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Word of the Year

It’s December 31st and you’re feeling a little toasty after that 2nd glass of champagne. You think to yourself, this is it. The end of the year. What have I done, accomplished, improved in myself over the year? (Intense introspection while drinking can’t just be a me thing right?)

Time to set some resolutions. Next year is going to be my year. I’m going to finally do those things I said I would and come Monday I’m going to be a whole new and improved person. Look out world.

Then you go back to the everyday grind of life after your holiday high. And your resolutions fall by the wayside. Believe me, I get it.

You see, I have this tradition

Every mid- to late- December I sit down with my journal and review my year as well as read over my year in summaries for the last 5 years. I’m a nerd, I know. As I was going through this ritual I realized that for the last 3 years I have written either the same resolutions or a slight variation of them. Lose weight, pay off debt, excel in my primary activity, strengthen my relationships. And for at least the last 3 years my resolutions were forgotten within the first blush of January until my next end of the year review.

Have you had a similar relationship with resolutions?

Thought so.

I am changing the cycle

This neverending cycle of optimism followed by disheartenment followed by abandonment can’t continue. It’s terribly unproductive and needs to be improved.

I am a research nut and decided that my one and only “resolution” would be to look into alternatives to resolutions that people actually benefit from regularly. One alternative that I had heard before but never really considered for myself is setting a “Word of the Year” for yourself.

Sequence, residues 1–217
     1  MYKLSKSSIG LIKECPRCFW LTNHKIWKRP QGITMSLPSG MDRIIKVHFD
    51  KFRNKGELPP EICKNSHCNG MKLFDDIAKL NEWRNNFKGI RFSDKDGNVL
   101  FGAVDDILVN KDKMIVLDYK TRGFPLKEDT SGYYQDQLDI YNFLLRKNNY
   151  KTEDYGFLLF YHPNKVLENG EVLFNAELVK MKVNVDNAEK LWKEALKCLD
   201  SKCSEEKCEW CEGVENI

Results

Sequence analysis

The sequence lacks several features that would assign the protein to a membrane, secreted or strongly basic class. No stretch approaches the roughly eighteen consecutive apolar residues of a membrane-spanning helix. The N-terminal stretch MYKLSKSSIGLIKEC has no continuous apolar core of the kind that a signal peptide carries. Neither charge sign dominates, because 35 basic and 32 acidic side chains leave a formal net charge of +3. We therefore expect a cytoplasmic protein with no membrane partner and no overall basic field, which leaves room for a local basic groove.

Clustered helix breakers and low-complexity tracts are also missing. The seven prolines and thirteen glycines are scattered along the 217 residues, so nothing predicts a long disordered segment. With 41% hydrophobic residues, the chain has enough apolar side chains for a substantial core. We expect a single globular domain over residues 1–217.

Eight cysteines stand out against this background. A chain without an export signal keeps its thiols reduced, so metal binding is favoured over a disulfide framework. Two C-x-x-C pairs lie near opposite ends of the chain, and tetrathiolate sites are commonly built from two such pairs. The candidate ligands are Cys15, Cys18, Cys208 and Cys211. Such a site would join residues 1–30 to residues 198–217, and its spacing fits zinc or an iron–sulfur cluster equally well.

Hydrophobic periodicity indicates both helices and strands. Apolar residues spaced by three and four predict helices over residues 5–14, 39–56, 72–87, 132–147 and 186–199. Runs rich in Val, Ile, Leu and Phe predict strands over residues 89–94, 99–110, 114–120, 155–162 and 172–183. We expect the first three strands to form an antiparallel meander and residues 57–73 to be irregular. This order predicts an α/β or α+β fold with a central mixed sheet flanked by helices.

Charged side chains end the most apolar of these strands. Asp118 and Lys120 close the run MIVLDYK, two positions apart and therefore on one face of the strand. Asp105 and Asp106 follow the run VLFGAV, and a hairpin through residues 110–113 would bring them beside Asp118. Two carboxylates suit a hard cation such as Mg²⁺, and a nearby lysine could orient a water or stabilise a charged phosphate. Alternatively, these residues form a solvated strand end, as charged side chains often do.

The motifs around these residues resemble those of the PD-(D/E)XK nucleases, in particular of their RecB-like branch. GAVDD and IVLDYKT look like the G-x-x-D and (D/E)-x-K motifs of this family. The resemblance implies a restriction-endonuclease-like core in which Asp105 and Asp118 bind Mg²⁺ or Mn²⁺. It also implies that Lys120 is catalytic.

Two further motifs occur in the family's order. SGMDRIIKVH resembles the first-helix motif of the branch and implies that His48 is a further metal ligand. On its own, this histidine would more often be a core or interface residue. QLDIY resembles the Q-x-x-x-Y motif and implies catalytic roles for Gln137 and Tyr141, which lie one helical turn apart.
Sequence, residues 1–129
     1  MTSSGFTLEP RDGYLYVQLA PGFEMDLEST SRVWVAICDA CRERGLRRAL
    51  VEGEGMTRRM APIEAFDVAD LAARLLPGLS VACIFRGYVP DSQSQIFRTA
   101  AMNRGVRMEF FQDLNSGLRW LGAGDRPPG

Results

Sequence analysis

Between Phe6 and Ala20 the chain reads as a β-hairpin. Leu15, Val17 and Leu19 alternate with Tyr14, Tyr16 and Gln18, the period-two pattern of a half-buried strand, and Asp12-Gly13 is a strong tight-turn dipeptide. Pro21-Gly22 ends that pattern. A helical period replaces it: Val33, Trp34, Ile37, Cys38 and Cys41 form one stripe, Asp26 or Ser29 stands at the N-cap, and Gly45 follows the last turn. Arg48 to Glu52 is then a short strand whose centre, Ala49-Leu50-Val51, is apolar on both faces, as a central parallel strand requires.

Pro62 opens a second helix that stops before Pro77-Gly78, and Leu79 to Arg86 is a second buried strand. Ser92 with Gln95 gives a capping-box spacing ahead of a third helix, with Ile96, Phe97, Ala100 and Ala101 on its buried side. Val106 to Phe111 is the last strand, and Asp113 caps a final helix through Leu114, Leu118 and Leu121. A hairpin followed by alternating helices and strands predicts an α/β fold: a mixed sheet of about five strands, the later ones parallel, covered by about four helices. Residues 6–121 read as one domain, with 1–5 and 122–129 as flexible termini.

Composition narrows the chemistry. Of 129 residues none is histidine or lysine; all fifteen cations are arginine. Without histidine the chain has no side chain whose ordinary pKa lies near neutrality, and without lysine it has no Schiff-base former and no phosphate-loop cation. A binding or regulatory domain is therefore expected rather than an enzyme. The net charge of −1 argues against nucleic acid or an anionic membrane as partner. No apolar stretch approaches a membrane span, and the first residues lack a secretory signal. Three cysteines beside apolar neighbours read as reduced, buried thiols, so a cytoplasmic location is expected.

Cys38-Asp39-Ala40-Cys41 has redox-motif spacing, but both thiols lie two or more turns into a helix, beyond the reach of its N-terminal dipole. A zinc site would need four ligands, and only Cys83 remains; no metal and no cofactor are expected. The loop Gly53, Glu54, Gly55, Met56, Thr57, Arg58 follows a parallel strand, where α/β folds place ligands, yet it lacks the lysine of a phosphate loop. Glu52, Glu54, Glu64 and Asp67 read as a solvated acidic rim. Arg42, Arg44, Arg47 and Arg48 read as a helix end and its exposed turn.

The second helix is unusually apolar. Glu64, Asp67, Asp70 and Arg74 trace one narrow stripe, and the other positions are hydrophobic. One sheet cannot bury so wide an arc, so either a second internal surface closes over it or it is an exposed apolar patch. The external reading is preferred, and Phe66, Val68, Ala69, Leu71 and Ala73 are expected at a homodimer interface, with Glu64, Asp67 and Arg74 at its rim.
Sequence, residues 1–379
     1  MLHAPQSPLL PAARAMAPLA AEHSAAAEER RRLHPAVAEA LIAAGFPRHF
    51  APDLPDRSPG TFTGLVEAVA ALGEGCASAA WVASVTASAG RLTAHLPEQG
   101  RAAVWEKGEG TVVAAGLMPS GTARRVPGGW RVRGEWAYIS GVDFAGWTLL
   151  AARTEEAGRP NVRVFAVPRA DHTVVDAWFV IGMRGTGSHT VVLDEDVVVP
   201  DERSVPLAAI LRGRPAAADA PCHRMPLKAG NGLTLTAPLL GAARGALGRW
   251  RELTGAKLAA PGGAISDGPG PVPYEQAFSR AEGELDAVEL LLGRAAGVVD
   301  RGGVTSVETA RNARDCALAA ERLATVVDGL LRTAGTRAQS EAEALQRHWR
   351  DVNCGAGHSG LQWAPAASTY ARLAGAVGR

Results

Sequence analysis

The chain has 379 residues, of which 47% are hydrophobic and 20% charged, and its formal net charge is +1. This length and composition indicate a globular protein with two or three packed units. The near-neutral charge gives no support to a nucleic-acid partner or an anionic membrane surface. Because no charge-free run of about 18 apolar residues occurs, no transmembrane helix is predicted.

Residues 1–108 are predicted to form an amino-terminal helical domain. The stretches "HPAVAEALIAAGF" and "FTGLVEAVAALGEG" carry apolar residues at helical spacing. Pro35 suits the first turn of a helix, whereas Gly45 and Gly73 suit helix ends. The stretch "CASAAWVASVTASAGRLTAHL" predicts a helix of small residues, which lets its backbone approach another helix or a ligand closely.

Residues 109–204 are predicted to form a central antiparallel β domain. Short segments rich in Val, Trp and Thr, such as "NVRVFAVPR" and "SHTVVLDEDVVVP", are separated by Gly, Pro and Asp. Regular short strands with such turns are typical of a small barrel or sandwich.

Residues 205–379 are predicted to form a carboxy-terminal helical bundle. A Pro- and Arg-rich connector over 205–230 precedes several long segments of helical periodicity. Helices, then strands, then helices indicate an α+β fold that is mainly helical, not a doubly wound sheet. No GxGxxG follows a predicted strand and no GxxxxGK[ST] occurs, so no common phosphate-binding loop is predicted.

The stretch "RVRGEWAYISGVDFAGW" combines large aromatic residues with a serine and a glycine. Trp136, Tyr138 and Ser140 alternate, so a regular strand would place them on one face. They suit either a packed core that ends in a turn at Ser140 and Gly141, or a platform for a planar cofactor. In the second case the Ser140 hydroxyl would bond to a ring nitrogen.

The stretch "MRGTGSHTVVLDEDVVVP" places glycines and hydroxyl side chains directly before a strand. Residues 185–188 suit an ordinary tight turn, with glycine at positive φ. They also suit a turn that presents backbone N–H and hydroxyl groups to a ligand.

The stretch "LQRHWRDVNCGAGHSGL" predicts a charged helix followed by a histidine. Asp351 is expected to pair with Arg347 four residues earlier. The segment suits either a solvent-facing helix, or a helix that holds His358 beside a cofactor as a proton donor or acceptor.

What exactly does that mean?

This phrase has been kicking around the internet among the self-help and better living blogs for a couple of years now.

The basic premise is that having a word of the year is an alternative to yearly resolutions. To put it simply, instead of having a bunch of resolutions, you have a theme that you choose to focus on through actions and reflection.

By focusing your energy on one simplified overarching theme that you want to improve, you have a useful tool in aligning your actions with your intentions.

Why is that better than resolutions?

Resolutions have such an inflexible finality about them. Many times resolutions are things that you hope for but have no clear plan on how to achieve, or are things that are so wildly ambitious that by the time February rolls around you have completely abandoned them for a bad deal.

Having a Word of the Year is a much more forgiving idea. It allows you to set little goals and ambitions for yourself throughout the year that align with your intentions.

It is much better to set 20 little goals for yourself that you can actually attain than one big goal that you give up.

Am I saying that losing weight, paying down debt, and strengthening your relationships are impossible goals? No, of course not. They just require a different sort of planning than resolution making.

Choosing a Word for your year

Be very honest about the things in your life that you want to change or focus on

To decide on your Word of the Year you first need to sit down with yourself and be very honest about the things in your life that you want to change or focus on.